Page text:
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Robot inventors are on the rise. But are they welcomed by the patent system?

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Tracing the origins of US patent law, Thomas Jefferson stated that an "inventor ought to be allowed a right to the benefit of his invention for some certain time" to encourage "men to pursue ideas which may produce utility." Consistently, under US patent law, an invention requires conception, which is "the formation in the mind of the inventor, of a definite and permanent idea of the complete and operative invention," where the "inventor" refers to an "individual." The Federal Circuit explained that to "perform this mental act, inventors must be natural persons and cannot be corporations or sovereigns." The remainder of the Patent Act is also replete with references to human actions. When the Patent Act was put in place, there was likely no need to characterize the inventive process as being performed by anything other than people, because there were no such other "beings".


IBM is #1 on U.S. Patent List in 2016

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ARMONK, N.Y. - 09 Jan 2017: IBM (NYSE: IBM) today announced that it broke the U.S. patent record with 8,088 patents granted to its inventors in 2016, marking the 24th consecutive year of innovation leadership. IBM's 2016 patent output covers a diverse range of inventions in artificial intelligence and cognitive computing, cognitive health, cloud, cybersecurity and other strategic growth areas for the company. "Leading the world in innovation for 24 years in a row is a result of IBM's unmatched commitment to innovation and R&D–reflected in this year's new U.S. patent record, breaking the 8,000 barrier for the first time," said Ginni Rometty, IBM's chairman, president and CEO. "We are deeply proud of our inventors' unique contributions to discovery, science and technology that are driving progress across business and society and opening the new era of cognitive business." More than 8,500 IBM inventors residing in 47 states and territories and 47 countries are responsible for IBM's record-setting 2016 patent tally.


Update on Artificial Intelligence as a Patent Inventor

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Our previous blog posts, Artificial Intelligence as the Inventor of Life Sciences Patents? and Update on Artificial Intelligence: Court Rules that AI Cannot Qualify As "Inventor," discuss recent inventorship issues surrounding AI and its implications for life sciences innovations. Continuing our series, we now look at the appeal recently filed by Stephen Thaler ("Thaler") in his quest to obtain a patent for an invention created by AI in the absence of a traditional human inventor. As we previously reported, on September 3, 2021, the U.S. District Court for the Eastern District of Virginia ruled that an AI machine cannot qualify as an "inventor" under the Patent Act, in a case that Thaler filed seeking, among other things, an order compelling the USPTO to reinstate his patent applications. Those patent applications name an AI system called "Device for Autonomous Bootstrapping of Unified Sentience" aka "DABUS," as the sole inventor. Thaler, who developed DABUS, remains the owner of any patent rights stemming from these applications.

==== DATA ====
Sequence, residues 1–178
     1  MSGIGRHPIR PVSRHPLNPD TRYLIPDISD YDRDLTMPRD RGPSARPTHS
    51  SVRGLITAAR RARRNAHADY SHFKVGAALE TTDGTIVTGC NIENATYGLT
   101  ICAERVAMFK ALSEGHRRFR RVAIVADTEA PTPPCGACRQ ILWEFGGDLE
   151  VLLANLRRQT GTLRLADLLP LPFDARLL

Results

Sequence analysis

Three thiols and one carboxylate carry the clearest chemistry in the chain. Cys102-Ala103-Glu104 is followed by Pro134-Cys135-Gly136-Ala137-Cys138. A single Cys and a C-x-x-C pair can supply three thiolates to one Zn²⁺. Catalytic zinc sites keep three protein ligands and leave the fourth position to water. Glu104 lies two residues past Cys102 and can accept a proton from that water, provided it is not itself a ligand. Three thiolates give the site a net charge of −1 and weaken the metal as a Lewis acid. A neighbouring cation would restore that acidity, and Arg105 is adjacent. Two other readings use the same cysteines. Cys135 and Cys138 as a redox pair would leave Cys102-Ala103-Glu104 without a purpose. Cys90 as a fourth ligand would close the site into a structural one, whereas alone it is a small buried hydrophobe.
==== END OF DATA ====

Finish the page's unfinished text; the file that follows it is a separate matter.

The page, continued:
The clock that cost its inventor millions

BBC News

One of the world's first digital clocks, which was made by a man in his shed, has been sold at auction. Thomas Bromley, an engineer and amateur inventor, created his Digitron Electric Clock in 1961 at his home in Hull. He held the patent to the design for three years but chose not to renew it - potentially costing him millions of pounds. The prototype was sold for £460 to a UK buyer when it went under the hammer in Beverley, East Yorkshire. Auctioneer John Hawley said Bromley had received an award at the Salon des Inventors in Brussels in 1964 for his prototype and would have been a multimillionaire had he renewed his patent.


Could Star Trek's DATA Be a Patent Inventor?

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Most of us know that DATA, the beloved android from Star Trek, The Next Generation, is an artificial intelligence (AI) life form from the distant future with a high capacity to problem solve and innovate. But, if DATA were present today and invented a new technology, could he be an inventor on a patent for his invention? The question of whether AI can legally be an inventor on a patent was recently addressed by the European Patent Office (EPO) and The United Kingdom Intellectual Property Office (UKIPO). The same question is still being evaluated by U.S. Patent and Trademark Office (USPTO) along with solicitation for comments to the patent community. A group from the University of Surrey, in the United Kingdom (UK), recently challenged the definition of "inventor" in Europe and the United States by filing two separate patent applications designating an AI entity as an inventor.